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It’s a ques­tion that has been burn­ing away inside all of us for nearly 75 years – how did the Wizard (who wasn’t really a wiz­ard at all but a car­ni­val show­man with a knack for gad­gets) get to Oz in the first place? You neither, huh? Ah well, this least essen­tial ques­tion has now been answered by Spider-Man (and Evil Dead) dir­ect­or Sam Raimi and his team of pixel-wielding min­ions. As a pre­quel to the beloved 1939 film star­ring Judy Garland and a dog called Toto, Oz the Great and Powerful is not without risk. Other attempts to recre­ate L. Frank Baum’s magic­al world have been either com­mer­cial or artist­ic fail­ures – The Wiz, for example, or Return to Oz.

Casting the human smirk, James Franco, as the car­ni­val magi­cian trans­por­ted to the land of the yel­low brick road by a hot air bal­loon (via tor­nado) is also a risk but it even­tu­ally pays off, even though Franco’s boy­ish fea­tures are start­ing to look a bit ragged. Escaping vari­ous romantic and fin­an­cial pres­sures back home in black and white Kansas, Franco’s Oz finds him­self blown off course to a technicolor(ish) fant­ast­ic­al land where a proph­ecy sug­gests he will pro­tect the peace-loving cit­izens from wicked witches but also gain con­trol of the palace for­tune. Guess which one appeals more.

Along the way, he has to decide which of the three witches (dark, light and neut­ral) he should trust – Rachel Weisz, Michelle Williams or Mila Kunis – and makes friends with a winged mon­key (Zach Braff) and a little girl made of (broken) china (Joey King). Fans of the Garland story will find that Mitchell Kapner and David Lindsay-Abaire’s screen­play ties things togeth­er very nicely and kids unfa­mil­i­ar with it should still fol­low the story eas­ily enough. This Oz is pleas­ingly old-fashioned and mostly undemand­ing – a very expens­ive vehicle for some cheap sentiment.

A big screen epic that you prob­ably shouldn’t take your kids too – unless you want them ask­ing some very awk­ward ques­tions after­wards – is Ron Fricke’s Samsara, a long-awaited follow-up to the majest­ic and breath­tak­ing Baraka which blew us away 20 years ago. Like Baraka – and Godfrey Reggio’s Koyaanisqatsi back in 1982 – the film is a kind of travelogue, tak­ing us around the world, com­par­ing the mod­ern with the ancient, the com­plex with the decept­ively simple, and find­ing the par­al­lels and con­nec­tions between them.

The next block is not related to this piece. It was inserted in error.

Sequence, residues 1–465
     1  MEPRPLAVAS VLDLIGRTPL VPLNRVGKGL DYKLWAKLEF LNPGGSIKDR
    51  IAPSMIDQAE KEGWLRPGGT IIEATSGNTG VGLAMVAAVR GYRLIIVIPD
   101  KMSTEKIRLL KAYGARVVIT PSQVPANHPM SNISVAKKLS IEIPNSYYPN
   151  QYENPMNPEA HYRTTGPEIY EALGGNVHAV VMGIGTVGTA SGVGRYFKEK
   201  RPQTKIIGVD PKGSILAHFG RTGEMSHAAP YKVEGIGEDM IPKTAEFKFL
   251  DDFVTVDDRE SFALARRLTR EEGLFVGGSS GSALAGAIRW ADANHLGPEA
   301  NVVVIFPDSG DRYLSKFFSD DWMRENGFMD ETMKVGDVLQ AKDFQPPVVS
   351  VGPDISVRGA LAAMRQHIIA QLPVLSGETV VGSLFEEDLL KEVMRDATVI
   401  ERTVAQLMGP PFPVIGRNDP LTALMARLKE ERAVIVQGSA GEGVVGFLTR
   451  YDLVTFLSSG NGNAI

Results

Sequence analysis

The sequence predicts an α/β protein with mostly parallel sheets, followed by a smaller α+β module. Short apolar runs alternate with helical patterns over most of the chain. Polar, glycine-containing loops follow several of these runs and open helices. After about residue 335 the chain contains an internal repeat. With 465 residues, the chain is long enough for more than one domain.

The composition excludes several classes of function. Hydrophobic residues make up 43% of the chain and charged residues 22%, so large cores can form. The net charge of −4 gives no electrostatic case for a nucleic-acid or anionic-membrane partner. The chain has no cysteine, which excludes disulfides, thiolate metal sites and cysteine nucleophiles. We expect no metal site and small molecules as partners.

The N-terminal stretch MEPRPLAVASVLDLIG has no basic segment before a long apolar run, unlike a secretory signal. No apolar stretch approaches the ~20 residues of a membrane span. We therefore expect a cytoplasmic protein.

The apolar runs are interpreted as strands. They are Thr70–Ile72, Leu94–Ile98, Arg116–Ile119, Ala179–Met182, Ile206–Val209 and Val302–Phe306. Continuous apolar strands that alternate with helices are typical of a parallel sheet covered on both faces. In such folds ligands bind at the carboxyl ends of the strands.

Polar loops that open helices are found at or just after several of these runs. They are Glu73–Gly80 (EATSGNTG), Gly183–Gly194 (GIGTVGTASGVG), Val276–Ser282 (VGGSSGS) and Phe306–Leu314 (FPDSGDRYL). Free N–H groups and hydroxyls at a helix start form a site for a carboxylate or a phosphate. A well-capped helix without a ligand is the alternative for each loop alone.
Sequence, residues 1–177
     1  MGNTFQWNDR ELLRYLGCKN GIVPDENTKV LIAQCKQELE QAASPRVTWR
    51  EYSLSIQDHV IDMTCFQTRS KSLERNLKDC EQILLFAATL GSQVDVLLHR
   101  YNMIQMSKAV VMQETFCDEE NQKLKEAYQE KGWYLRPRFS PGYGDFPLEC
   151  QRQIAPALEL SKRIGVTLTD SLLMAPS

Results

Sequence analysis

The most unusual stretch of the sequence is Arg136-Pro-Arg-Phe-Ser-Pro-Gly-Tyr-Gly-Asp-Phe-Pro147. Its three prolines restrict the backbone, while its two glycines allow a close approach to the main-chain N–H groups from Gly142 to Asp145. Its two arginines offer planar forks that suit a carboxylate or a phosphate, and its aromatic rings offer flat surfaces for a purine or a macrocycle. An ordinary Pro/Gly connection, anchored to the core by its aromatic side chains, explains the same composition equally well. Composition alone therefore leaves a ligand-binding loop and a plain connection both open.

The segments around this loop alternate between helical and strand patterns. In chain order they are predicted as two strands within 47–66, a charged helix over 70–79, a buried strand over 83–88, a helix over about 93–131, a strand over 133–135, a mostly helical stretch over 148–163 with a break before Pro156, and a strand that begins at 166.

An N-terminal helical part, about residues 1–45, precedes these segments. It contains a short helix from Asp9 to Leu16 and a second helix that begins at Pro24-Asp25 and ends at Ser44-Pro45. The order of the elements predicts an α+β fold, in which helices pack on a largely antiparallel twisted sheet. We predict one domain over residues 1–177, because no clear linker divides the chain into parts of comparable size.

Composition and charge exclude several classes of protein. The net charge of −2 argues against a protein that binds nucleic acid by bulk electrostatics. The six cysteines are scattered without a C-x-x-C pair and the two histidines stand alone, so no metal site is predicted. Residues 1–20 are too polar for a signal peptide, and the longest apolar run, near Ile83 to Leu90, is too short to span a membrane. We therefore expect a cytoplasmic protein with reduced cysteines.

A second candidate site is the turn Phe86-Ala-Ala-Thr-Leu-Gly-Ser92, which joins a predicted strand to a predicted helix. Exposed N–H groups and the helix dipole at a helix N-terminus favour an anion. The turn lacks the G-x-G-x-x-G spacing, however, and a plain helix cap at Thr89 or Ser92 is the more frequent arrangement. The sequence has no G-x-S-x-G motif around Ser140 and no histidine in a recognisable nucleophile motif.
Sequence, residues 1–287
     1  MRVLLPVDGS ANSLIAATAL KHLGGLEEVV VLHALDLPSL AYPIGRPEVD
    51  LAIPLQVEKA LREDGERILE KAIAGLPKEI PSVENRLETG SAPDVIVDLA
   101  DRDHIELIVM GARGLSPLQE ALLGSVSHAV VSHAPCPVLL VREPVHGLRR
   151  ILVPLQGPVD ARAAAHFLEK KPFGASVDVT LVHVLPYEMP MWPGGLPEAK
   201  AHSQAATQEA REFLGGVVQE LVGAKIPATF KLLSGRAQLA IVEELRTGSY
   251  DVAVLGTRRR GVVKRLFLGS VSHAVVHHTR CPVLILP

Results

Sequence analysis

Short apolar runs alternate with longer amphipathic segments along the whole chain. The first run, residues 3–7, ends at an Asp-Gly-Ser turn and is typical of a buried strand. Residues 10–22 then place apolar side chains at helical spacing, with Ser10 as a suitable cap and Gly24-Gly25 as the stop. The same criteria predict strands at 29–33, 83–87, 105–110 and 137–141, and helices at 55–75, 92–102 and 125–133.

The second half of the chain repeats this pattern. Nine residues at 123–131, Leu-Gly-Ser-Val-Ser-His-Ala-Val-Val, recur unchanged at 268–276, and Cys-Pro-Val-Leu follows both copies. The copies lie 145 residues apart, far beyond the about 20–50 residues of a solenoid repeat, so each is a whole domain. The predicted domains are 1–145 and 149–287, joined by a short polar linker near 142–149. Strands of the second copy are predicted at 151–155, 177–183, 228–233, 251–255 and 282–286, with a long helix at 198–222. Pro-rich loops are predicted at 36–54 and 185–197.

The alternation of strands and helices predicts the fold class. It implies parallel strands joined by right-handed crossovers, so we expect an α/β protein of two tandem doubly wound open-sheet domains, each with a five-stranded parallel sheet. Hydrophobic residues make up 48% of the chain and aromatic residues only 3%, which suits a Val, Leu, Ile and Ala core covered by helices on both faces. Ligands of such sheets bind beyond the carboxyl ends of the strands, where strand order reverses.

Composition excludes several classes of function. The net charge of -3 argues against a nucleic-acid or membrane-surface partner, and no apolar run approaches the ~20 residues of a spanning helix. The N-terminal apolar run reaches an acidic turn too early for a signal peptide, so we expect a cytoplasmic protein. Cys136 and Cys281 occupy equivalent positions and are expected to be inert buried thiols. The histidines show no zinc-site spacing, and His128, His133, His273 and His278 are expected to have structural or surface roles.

I’m a big fan of non-narrative cinema and qual­ity examples like Samsara are few and far between. While let­ting the gor­geous – and often con­front­ing – images wash over me, I fan­cied that I was watch­ing a feed from the Earth Curiosity rover – send­ing pic­tures back to a bewildered Martian ground con­trol, ask­ing them­selves what kind of crazy plan­et they are shar­ing their sol­ar sys­tem with.

In a sim­il­ar – but less suc­cess­ful – vein, Andrew Adamson’s big screen advert­ise­ment for cor­por­ate acrobats Cirque du Soleil: Worlds Away, often looks beau­ti­ful but doesn’t appear to have much of a point – or even remain true to its own lim­ited inten­tions. A selec­tion of the company’s rep­er­toire, pho­to­graphed either in per­form­ance or restaged espe­cially for the 3D cam­er­as, Worlds Away might have been the per­fect oppor­tun­ity to fully show­case the new-fangled 48 frame HFR sys­tem that The Hobbit used late last year. But it didn’t, so that’s that.

Mike Newell’s Great Expectations is a straight-up-and-down re-telling of Dickens’ clas­sic. Unlike the Ethan Hawke/Gwyneth Paltrow 1998 ver­sion – which I am kind of par­tial to – this ver­sion doesn’t update the story at all and simply lets a fine British cast inhab­it Dickens’ broad char­ac­ters and get on with telling the story. It’s a qual­ity pro­duc­tion without much nov­elty – or much excite­ment for that matter.

Newell has had a few flops in recent years (Prince of Persia any­one?) but deserves to be remembered for 1994’s Four Weddings and a Funeral which cre­ated an entirely new genre – the BritCom. Actually, hav­ing seen the latest example – Dan Mazer’s I Give it a Year – per­haps we shouldn’t be cel­eb­rat­ing. It’s a des­per­ate piece of work with a nasty, snarky, sens­ib­il­ity. Rose Byrne and Rafe Spall are new­ly­weds who real­ise that they aren’t per­fect for each oth­er after all but they are such unpleas­ant char­ac­ters you want them both to live unhappy and unful­filled lives – prefer­ably without you see­ing them ever again.

Also invit­ing sens­ible view­ers to ques­tion the dir­ec­tion of British cinema, The Sweeney is a bor­der­line fas­cist rein­ter­pret­a­tion of the fam­ous 1970s tele­vi­sion series. Ray Winstone plays DI Jack Regan, spe­cial­ising in using uncon­ven­tion­al (i.e. stu­pidly viol­ent and risky) meth­ods to catch bad guys on the mean streets of Lahndan and his part­ner, Jack Carter, is played by rap­per Plan B (Ben Drew). The Sweeney is not­able for screech­ing tyres, shouty swear­ing, auto­mat­ic weapons that don’t run out of ammuni­tion and paunchy Winstone’s sex sym­bol status taken to bizarre extremes.

Finally, some res­pite from all this sound and fury, the Wellington Film Society 2013 pro­gramme gets under way prop­erly next Monday (after this week’s AGM). An annu­al mem­ber­ship can be obtained from only $50 and that gives you access to 31 nights of great movies includ­ing Malick’s Badlands, Oshima’s Merry Christmas Mr Lawrence and Lynch’s Eraserhead. Other sur­names to pon­der: Hellman, McCary, Carax, Denis, Lubitsch, Cronenberg, Malle. Get in!

Printed in Wellington’s Capital Times on Wednesday 13 March, 2013.